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The Summer of Lost and Found by Mary Alice Monroe

Dear Fellow Reader,

Summer is coming and it is time to get ready with a beach read. I do not consider the term beach read a derogatory term. I love a good beach read.

And I do have a love for the Rutledge Family that make up the Beach House Series by Mary Alice Monroe. I was so glad to see that there is a new book. We are now learning about the third generation of the family that has been a South Carolina family for generations. Linnea Rutledge was a vital part of the last book and is the star of this book.

In The Summer of Lost and Found, we find Linnea arriving home from the job she loves totally dejected. COVID has hit and she has been laid off work. She and her friend Annabelle are both without work and money. Linnea calls her Aunt and Landlord Cara right way to tell her that she isn’t in a position to keep up with the rent. Cara gives Linnea a few ideas for work but also tells her that they will work it out. But then she drops what Linnea feels is a bomb. John Peterson is back next door to Linnea. The man that she thought she loved, the man she moved to California to be with, the man that broke her heart is next door? She hopes that he is leaving soon because her long-distance love, Gordon will be back from England soon. It feels strange to have the two of them so close.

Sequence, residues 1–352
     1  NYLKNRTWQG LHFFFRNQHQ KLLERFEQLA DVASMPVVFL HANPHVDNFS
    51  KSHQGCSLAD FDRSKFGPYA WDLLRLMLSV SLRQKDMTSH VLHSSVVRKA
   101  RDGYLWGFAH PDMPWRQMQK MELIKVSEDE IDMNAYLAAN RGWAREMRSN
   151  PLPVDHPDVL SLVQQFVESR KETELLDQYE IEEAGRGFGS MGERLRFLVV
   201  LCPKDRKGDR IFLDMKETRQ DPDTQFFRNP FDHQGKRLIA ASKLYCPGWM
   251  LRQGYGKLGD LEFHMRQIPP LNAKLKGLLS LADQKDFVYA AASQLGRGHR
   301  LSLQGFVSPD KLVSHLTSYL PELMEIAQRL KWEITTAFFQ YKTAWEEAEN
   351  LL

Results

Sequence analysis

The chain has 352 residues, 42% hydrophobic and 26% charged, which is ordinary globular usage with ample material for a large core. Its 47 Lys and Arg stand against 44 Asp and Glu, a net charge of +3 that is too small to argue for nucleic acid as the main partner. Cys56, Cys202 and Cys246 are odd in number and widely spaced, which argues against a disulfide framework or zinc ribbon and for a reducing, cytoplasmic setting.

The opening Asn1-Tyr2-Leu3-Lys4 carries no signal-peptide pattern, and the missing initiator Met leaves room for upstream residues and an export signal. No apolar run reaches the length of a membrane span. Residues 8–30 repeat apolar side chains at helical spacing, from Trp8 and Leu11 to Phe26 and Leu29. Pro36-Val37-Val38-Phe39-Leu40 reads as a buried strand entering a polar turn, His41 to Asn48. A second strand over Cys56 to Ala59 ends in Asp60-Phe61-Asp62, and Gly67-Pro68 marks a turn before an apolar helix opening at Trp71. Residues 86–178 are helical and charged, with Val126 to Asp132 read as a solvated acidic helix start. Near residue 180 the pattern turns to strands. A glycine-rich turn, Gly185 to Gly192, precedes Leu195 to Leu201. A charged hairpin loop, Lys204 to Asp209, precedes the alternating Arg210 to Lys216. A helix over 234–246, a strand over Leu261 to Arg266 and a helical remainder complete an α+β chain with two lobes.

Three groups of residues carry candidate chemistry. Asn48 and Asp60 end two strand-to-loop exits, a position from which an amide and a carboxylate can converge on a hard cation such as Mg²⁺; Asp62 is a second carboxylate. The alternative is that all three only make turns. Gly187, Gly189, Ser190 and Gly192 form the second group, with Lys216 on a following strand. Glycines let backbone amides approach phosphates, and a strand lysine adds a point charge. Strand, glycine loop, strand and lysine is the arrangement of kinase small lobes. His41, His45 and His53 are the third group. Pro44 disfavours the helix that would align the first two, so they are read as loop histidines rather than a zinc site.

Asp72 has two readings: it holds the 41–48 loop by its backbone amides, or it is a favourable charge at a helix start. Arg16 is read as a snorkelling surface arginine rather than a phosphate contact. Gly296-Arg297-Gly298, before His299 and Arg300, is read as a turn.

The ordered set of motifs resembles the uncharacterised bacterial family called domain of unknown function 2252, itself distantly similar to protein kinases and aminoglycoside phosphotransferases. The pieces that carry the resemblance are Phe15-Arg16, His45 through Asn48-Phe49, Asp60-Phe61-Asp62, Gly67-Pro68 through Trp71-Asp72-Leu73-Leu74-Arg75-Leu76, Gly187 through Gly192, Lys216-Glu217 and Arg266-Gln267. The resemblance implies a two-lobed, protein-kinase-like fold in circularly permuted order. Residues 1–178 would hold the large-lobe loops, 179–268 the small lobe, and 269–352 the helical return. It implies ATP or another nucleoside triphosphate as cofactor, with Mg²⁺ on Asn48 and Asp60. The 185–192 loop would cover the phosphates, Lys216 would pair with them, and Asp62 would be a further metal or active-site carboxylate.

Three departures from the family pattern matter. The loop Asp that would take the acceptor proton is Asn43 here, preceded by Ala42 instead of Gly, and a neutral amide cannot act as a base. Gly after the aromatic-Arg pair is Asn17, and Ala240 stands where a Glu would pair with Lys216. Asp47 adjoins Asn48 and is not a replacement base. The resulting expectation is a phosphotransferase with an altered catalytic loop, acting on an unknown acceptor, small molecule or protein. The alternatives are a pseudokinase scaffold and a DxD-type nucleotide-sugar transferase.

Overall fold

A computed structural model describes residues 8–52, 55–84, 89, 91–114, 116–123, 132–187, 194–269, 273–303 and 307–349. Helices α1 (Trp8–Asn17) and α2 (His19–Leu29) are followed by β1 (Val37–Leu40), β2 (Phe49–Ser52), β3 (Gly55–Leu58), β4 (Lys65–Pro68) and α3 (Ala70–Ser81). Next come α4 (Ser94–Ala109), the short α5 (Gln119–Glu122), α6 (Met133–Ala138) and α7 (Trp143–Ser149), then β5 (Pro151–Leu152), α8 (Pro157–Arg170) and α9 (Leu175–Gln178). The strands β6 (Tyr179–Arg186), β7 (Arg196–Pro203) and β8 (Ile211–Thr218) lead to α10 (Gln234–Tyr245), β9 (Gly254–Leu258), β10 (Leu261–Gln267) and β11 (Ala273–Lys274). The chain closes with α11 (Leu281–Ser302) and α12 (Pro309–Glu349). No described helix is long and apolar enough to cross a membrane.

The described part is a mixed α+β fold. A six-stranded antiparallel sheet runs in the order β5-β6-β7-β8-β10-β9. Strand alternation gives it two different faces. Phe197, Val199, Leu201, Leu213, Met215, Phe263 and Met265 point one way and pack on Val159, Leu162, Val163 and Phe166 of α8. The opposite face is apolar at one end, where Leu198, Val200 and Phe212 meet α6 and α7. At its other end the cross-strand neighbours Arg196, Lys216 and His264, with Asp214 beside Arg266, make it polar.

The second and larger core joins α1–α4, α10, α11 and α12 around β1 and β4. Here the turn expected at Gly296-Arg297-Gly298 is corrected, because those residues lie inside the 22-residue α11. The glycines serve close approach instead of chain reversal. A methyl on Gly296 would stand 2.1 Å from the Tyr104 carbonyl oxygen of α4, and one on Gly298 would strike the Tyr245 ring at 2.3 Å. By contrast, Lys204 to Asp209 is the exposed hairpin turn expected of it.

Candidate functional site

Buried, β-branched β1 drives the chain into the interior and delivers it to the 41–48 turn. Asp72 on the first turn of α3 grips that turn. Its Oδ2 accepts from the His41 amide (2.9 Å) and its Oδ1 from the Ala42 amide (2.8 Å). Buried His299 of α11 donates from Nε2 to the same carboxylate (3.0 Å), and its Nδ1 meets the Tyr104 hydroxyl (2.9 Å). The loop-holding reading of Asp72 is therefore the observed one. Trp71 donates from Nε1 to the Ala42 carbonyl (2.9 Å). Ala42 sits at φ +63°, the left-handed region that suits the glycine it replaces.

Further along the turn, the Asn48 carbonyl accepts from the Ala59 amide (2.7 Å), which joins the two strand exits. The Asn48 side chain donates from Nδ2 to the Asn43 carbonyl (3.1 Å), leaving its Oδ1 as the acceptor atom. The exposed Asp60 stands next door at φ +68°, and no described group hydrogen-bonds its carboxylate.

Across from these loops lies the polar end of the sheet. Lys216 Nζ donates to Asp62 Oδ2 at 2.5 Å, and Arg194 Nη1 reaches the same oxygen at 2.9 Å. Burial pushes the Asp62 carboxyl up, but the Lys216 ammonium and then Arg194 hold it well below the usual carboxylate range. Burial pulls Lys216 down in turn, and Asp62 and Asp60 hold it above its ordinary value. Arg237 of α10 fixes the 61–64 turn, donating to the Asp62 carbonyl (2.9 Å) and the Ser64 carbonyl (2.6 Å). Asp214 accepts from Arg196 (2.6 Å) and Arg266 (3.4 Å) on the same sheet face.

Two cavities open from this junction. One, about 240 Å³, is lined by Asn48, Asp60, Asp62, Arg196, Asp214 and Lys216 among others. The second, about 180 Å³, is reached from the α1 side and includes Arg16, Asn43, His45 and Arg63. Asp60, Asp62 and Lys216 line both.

And then David gets COVID, and Linnea has to really pitch in to help with Hope. They are all afraid for the little girl after her illness. Keeping her safe is a big concern.

The book takes us through their summer of COVID. To keep all of them safe, they form a pod in the neighborhood and do everything they can to stay safe. Linnea will learn to be able to do what is right for her and new love is found. It is everything you want from a beach read. The story moves along at a good pace and you learn more about familiar characters.

While you might wonder if it is a little soon to be reading about COVID, I don’t really think it is in this story. While it had an influence on the story, it wasn’t a main character. It was more of a vehicle for the story than a lead.

I enjoyed the book. I was happy with the character development and didn’t feel that anything was out of place. The characters continue to grow and expand. Linnea is growing up and learning what she wants and doesn’t want. I’m sure a little sand in between the pages won’t hurt the book at all.

Thanks for reading.